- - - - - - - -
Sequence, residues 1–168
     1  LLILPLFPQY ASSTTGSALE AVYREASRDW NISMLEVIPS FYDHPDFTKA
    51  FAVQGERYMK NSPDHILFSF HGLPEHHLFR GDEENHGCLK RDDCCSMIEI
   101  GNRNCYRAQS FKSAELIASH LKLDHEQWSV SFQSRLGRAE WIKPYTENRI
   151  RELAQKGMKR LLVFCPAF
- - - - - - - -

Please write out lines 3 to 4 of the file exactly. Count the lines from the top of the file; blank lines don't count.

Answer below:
    51  FAVQGERYMK NSPDHILFSF HGLPEHHLFR GDEENHGCLK RDDCCSMIEI
   101  GNRNCYRAQS FKSAELIASH LKLDHEQWSV SFQSRLGRAE WIKPYTENRI